Army set to field smartphone app to diagnose brain trauma
The DANA application can identify symptoms of traumatic brain injuries in any setting and in a little as five minutes.
The DANA app recently was cleared by the Food and Drug Administration.
The Army is working with a “brain thermometer” smartphone application that could help medical personnel identify traumatic brain injuries in any setting and in a little as five minutes.
The app, the Defense Automated Neurobehavioral Assessment, or DANA, has been cleared by the Food and Drug Administration and is in the process of being validated for battlefield use, the Army said in a release.
Identifying and treating brain trauma is a growing priority for the military, as doctors and scientists learn more about its effects. In 2013, more than 27,000 cases of traumatic brain injury were diagnosed worldwide in the four military services, nearly triple the number diagnosed when the Defense Department first started tracking brain injuries in 20000.
DANA could help with on-the-spot diagnoses by recording the reaction times of service members in an app that essentially operations as a video game. The app, which can run of a variety of mobile platforms and is being tested for use on tablets as well as smartphones, consists of a series of onscreen exercises designed to test speed and accuracy.
To start with, service members will perform the exercises to establish baseline performance levels. When a service member with a possible head injury takes the test, those results will be compared to the baseline. The cognitive and psychological components of DANA can help identify symptoms related to traumatic brain injury and post-traumatic stress disorder, the Army said. Among the factors that can affect reaction time are concussion, dementia, post-traumatic stress, depression and fatigue.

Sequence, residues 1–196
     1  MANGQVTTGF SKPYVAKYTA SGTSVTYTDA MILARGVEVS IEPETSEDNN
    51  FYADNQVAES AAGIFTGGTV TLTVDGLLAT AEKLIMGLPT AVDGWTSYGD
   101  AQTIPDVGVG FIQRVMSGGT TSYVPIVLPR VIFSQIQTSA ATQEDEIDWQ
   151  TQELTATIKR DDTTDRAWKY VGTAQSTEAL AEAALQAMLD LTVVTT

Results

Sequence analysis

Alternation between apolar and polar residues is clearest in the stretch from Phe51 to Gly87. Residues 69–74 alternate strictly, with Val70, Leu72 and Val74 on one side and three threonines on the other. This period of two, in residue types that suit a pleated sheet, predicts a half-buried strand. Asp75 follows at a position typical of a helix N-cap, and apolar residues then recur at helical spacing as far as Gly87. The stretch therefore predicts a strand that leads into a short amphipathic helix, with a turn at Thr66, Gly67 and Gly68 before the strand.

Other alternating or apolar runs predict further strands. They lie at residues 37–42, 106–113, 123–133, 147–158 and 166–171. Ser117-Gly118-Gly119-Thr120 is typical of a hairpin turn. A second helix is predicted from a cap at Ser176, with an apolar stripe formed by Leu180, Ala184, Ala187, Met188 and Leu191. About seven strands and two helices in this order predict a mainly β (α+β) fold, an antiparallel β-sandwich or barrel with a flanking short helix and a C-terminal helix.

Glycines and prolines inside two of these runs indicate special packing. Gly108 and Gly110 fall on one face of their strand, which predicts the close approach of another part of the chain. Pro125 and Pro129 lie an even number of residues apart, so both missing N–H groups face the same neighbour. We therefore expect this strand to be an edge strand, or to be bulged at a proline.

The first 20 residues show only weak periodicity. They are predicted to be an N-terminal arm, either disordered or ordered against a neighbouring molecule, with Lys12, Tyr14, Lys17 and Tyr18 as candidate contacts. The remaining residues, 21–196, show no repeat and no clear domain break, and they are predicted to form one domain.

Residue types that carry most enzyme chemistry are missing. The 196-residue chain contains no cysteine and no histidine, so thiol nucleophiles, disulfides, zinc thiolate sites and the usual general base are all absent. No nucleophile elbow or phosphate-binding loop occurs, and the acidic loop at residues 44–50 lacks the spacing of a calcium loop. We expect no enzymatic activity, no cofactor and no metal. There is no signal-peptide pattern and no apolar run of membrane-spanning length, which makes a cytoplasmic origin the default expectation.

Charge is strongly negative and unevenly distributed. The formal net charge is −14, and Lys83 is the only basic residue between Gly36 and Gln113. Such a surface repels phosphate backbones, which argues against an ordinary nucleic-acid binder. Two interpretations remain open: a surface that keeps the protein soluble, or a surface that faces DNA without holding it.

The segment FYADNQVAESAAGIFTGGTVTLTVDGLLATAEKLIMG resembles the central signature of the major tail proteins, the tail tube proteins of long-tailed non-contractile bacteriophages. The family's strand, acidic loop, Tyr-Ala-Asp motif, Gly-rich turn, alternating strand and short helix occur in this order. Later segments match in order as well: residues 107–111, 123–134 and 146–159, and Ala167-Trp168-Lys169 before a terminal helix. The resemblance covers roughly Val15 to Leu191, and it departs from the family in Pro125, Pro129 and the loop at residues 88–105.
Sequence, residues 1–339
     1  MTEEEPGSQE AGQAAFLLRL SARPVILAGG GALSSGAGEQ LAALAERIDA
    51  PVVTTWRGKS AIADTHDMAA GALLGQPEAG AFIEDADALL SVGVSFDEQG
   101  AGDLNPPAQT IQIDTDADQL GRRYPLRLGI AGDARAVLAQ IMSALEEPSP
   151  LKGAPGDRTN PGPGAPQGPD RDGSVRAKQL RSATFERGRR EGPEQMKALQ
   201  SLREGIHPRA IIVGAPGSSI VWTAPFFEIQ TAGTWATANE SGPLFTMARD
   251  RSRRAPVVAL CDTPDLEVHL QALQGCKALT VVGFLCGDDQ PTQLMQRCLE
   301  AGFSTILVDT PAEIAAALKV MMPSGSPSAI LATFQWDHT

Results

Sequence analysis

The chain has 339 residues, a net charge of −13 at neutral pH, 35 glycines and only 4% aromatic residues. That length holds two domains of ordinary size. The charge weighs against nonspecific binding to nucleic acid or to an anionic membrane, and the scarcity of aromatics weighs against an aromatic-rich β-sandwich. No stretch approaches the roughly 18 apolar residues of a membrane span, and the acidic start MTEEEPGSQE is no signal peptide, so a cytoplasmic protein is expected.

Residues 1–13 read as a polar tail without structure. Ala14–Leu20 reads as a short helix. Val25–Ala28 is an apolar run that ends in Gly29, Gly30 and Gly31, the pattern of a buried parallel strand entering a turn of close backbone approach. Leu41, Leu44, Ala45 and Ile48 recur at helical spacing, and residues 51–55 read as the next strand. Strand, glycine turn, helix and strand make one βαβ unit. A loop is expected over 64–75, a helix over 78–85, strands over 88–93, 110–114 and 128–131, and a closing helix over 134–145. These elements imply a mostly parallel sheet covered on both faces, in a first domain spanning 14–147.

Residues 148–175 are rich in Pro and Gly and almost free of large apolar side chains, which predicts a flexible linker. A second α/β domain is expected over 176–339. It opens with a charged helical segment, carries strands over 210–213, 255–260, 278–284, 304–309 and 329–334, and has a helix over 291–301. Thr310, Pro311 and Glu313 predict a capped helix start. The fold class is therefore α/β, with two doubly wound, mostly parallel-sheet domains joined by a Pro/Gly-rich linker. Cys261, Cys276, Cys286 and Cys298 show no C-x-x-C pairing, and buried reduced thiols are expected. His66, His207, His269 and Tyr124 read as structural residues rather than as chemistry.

"In essence, measuring reaction time is like taking the temperature of the brain," said Corinna Lathan, founder and CEO of AnthroTronix, which created DANA. "It's a vital part of the data that any health professional needs to evaluate his patient."
Once validated for battlefield use, the Army said DANA could be used in the field to assist medical personnel, as well as to assess fitness for duty and perform triage.
"This is what's important right now," said Lt. Col. Chessley Atchison, program manager for the Technology Enabled Capability Demonstration: Brain in Combat portfolio of the Combat Casualty Care Research Program, "And once we get it right, we're going to put it fairly far forward in the field."